Wiz Khalifa Takes a Journey Into the Serene on 'Multiverse'

Wiz Khalifa Takes a Journey Into the Serene on 'Multiverse'

by Payton Dunn

This isn’t the same Wiz Khalifa you think you once knew.

The artist, who once rapped over tracks like “Young, Wild & Free,” is feeling the liberation himself, now taking the ornate sounds that he’d always envisioned and weaving them into the fabric of his new album Multiverse, out everywhere today.

The album is a journey into the serene, taking us through lush fields and atmospheric passages on tracks like “We Don’t Go Out To Nightclubs Anymore/Candlelight Girl.” It’s a hefty update to his sound, one that’s propped up by a handful of R&B grooves lilting away in the background as his versatile vocal performances come centerstage, bouncing from being braggadocious on tracks like “Bad Ass Bitches” and “Iced Out Necklace” to its emotive heights on tracks like “Homies” and “Like You (Groove 3).”

Khalifa is taking this updated sound with him on the road as he embarks on his “Vinyl Verse Summer Tour,” co-headlining it with Logic, who’s coming off of the release of an album of his own with Vinyl Days. It’s also arriving with a slew of opening acts — including DJ DRAMA, C Dot Castro and Fedd the God as well as 24KGoldn on select dates — who’ll be following him through 28 different cities all the way to the Hollywood Casino Amphitheatre in St. Louis, Missouri as they wrap it all up on September 2.

To celebrate the release of his new album and the kick-off of his tour, we sat down with Khalifa to chat about everything from the music itself to, of course, weed and shrooms — the latter of which he just took his first foray into earlier this year.

This is your first full-length album since 2018. What’s it be like to be back for the project this long?

It feels real good! I'm super excited to be releasing music. I've worked a lot on the project so just for it to come out in its entirety exactly how I want it to is just really exciting.

The album takes us through some pretty serene and sultry textures. The beats are given up momentarily for those shimmering instrumentals. How did those sonic choices come into play?

It just kind of developed on its own. It was something that I always wanted to do and was interested in but never really knew how to pull off. I never had the time to myself to just create that sound that was relevant to me, and I think with all of my projects, I try to dive in and take people on a journey sonically and what I feel like music should sound like, and this is a perfect representation of my take on music right now.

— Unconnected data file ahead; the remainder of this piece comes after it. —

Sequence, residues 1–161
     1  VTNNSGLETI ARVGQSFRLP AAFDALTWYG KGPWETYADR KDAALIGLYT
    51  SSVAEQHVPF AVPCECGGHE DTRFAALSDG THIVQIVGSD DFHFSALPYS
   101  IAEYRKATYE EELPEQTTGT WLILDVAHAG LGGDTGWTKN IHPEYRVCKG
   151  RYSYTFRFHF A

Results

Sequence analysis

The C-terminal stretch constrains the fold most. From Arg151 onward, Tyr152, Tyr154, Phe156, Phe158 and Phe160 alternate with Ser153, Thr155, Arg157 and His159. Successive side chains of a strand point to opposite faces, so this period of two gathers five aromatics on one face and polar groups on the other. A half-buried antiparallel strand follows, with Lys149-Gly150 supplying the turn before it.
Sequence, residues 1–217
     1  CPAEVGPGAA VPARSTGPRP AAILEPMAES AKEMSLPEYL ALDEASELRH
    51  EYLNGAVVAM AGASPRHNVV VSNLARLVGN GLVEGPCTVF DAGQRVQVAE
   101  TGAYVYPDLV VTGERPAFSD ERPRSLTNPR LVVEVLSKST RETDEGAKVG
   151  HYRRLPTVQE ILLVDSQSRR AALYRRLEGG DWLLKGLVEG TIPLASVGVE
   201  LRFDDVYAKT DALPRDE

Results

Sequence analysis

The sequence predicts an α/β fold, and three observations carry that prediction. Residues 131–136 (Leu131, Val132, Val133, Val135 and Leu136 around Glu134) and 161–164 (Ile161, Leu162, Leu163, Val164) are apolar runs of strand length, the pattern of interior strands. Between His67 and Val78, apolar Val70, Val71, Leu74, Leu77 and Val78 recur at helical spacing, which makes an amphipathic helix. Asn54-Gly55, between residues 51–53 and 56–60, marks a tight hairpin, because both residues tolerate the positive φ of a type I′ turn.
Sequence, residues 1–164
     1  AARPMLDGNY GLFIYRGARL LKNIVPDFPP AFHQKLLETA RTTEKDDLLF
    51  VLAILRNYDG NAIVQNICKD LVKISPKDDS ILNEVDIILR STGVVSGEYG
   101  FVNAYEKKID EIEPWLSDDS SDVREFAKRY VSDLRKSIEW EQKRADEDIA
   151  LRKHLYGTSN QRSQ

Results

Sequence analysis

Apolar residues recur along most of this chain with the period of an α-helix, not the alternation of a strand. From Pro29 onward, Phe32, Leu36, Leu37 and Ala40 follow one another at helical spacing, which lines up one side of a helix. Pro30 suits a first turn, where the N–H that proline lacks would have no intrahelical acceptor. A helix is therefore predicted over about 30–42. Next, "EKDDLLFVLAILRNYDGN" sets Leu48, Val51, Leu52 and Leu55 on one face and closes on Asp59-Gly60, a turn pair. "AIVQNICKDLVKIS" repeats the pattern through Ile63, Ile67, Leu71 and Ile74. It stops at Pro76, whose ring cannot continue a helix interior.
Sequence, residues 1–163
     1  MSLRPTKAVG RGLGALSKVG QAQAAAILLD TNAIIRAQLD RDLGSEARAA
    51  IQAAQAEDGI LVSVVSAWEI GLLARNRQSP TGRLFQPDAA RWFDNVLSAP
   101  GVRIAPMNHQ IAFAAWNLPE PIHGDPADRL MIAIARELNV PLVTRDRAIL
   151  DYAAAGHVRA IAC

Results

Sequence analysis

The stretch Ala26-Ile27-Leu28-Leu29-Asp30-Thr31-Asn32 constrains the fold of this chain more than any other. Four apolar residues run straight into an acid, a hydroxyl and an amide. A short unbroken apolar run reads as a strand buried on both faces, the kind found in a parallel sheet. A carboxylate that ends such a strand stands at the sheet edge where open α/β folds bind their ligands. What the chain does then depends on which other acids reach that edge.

You said it feels relevant to you. Why is that?

To me, it's just because it's different than everything else that’s out right now. It gives the people who listen to it an opportunity to really enjoy music on a different level and still be elevated. It's not anything that's underground or is just going to get looked past. People are going to find that it’s exactly what they needed.

You're co-headlining the Vinyl Verse tour with Logic and some pretty spectacular opening acts! How did that lineup come to be?

We really just go off of who we see as being next up and then who we mess with in our own crews. We have artists that we're trying to break and we're trying to bring to a bigger platform, so these tours are a really good opportunity to put people in markets that they might not see otherwise.

What's it like releasing and promoting Multiverse in the middle of your tour and what challenges has that posed for you?

It’s no challenges for me! It's perfectly fine, man! I love this shit. This is basically where I'm best at — marketing myself and making sure that people get the right vision of what it's supposed to be. I work really, really hard on the music side, so now that that's finished, I get to focus on promoting and actually bringing the project to life. There's nobody better to do it than me! Being on tour and being in front of people — 20,000 or however many thousand people a night — it gives me even more of an opportunity to just sell myself and show people why they should support the music!